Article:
Iraq Pulse

Iraqi Kurdistan Region Showcases Culture on Nowruz

Article Summary
In light of the relative autonomy the Iraqi Kurdistan region has gained over the years, the region has begun to showcase its own unique culture through events like its annual Nowruz festival, writes Abdel Hamid Zebari.

Every year on March 21, the Kurds and other peoples across the Middle East celebrate the festival of Nowruz. It marks the beginning of the Kurdish New Year and coincides with the beginning of the Iranian New Year and has begun to carry symbolic significance for Iraqi Kurds.

Nowruz day (New Year’s Day) is the first day of the solar Hijri calendar (March 21) and is celebrated by Persians, Kurds and Turks alike. Nowruz is a Farsi word, with “Now-” meaning new, and “-ruz” meaning “morning light” signifying the coming of a new day.

Previously, the Kurds of Iraq celebrated this holiday and lit the flame of Nowruz by setting fire to rubber tires — something that was detrimental to the environment. Nowadays, Kurds use Nowruz as an opportunity to showcase Kurdish heritage, folklore, language and dress. The celebration aims to boost tourism and each year new events are added, while the tradition of the flame of Nowruz is kept alive, though firewood and fireworks have replaced burning tires.

According to the General Authority for Tourism Statistics in the Kurdistan Region of Iraq, more than 150,000 tourists came to the Kurdistan Region during the days of Nowruz.

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All of the streets are decorated with lights, millions of flowers, and Kurdish flags (red, green and white with a yellow sun disk in the center). Animals are slaughtered in public squares in preparation for the feast.

Every year the Kurdistan Regional Government of Iraq provides support to cultural and artistic institutions so that they may set up a variety of events and activities to enrich Nowruz festivities.

Once only celebrated for a single day, Nowruz celebrations now stretch on for more than 10 days after the ministry of education gave schools a 12-day spring break that coincides with the holiday. In addition, there is now a three-day official holiday for all government institutions March 20-22.

Federal government institutions in Baghdad still celebrate Nowruz for only one day. On that day, all government institutions and departments are given an official holiday, unlike the regional government, which gives a three-day holiday.

The Nowruz festival showcases Kurdish heritage and language by putting on concerts and inviting singers and bands from Kurdish communities from neighboring countries and non-Kurds from abroad to participate in cultural and artistic ceremonies.

This year in Erbil, Iraqi Kurds hope to enter into the Guinness Book of World Records for the longest dabke (a folk dance in which participants link arms) with 5,000 young men and women encircling the Citadel of Erbil in the presence of a Guinness special committee. Taher Abdullah, deputy governor of Erbil, told Al-Monitor that with this dabke they hope to keep Kurdish heritage alive through folk dance, encourage young people to take pride in their heritage and showcase their culture to the world.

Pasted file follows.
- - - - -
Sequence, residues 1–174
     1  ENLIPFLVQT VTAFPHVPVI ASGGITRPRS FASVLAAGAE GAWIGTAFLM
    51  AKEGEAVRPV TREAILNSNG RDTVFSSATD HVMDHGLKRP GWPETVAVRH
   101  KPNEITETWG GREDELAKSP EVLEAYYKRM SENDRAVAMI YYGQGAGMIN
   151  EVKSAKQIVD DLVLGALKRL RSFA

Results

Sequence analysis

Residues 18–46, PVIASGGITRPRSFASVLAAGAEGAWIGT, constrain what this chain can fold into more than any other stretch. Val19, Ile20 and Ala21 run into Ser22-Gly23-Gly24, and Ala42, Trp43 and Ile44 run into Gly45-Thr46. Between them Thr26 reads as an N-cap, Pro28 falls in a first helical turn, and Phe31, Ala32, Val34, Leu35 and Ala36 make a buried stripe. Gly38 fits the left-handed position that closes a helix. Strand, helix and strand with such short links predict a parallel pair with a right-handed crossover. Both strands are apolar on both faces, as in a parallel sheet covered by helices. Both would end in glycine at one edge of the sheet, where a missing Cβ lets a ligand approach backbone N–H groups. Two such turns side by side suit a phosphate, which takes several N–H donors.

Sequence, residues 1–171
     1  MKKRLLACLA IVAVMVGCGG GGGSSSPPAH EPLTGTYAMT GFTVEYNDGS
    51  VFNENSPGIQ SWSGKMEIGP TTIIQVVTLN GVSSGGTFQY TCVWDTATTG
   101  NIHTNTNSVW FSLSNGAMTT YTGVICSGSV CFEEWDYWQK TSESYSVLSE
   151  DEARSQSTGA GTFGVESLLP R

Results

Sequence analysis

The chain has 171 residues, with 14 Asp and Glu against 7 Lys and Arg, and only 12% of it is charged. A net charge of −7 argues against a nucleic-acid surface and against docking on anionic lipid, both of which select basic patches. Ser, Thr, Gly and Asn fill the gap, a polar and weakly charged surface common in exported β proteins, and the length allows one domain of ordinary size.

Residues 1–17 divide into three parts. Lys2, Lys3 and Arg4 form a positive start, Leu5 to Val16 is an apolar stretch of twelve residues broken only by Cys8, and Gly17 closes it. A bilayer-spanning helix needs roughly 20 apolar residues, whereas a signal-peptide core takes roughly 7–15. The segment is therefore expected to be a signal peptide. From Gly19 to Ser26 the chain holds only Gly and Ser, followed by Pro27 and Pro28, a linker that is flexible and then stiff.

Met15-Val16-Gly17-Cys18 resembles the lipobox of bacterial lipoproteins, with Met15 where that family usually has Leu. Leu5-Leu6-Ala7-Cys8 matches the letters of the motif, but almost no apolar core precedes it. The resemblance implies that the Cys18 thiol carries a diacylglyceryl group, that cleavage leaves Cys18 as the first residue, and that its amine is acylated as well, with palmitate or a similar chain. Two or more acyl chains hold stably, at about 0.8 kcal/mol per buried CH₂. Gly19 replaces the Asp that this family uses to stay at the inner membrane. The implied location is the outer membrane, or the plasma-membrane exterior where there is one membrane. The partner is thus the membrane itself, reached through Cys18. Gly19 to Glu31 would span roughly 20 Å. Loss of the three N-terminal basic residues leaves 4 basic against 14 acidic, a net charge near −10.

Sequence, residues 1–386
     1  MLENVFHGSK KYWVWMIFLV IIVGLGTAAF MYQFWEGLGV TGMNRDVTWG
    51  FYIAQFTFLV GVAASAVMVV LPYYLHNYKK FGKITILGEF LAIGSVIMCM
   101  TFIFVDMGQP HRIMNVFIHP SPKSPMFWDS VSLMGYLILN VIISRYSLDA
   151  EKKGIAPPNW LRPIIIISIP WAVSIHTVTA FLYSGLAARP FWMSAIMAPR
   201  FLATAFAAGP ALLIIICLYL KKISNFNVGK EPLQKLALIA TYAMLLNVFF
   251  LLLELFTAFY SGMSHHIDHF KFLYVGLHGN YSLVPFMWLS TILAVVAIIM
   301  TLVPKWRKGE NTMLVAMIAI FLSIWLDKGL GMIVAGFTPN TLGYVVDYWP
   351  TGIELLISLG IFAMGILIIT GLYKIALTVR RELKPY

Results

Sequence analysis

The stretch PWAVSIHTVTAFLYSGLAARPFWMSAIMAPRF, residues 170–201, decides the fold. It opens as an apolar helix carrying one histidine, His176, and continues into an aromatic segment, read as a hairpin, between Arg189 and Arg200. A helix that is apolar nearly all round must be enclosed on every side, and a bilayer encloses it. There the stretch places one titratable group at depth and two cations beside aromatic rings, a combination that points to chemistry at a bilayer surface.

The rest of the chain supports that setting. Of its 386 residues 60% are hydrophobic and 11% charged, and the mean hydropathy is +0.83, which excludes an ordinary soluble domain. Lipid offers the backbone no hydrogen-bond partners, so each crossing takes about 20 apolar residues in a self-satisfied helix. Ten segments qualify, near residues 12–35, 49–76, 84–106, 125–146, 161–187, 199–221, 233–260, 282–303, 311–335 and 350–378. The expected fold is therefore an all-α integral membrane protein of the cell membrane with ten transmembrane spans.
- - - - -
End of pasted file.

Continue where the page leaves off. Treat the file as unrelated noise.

During Nowruz festivities, Kurds don traditional loose Kurdish garb, especially the women, who spend months preparing their outfits for the event. Many visitors from the Arab world and elsewhere also wear traditional Kurdish clothes during Nowruz festivities.

The typical outfit for a Kurdish man consists of a long-sleeved shirt, loose pants, and a vest that opens across the chest and folds into a waist band, which consists of a piece of cloth four to five meters in length wrapped several times around the waist.

Kurdish women typically wear bright colors, with the most distinguishing feature of their outfit being the loose, colorful robe that stretches from their shoulders to the ground.

Persian, Azeri, Afghani, Pakistani and Indian peoples all celebrate Nowruz, a day that marks the natural shift to spring and the season of fertility, thus signifying renewed life for the cultures of many Asian peoples.

Abdel Hamid Zebari is a contributing writer for Al-Monitor’s Iraq Pulse. A reporter from Erbil who works in print journalism and radio, he has published several reports in local and world media, including Agence France-Press and Radio Free Iraq (Radio Free Europe).

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Found in: kurdistan, folkways and traditions, culture

Abdel Hamid Zebari is a contributing writer for Al-Monitor’s Iraq Pulse. A reporter from Erbil who works in print and radio, he has published in local and international media, including Agence France-Press and Radio Free Iraq (Radio Free Europe).

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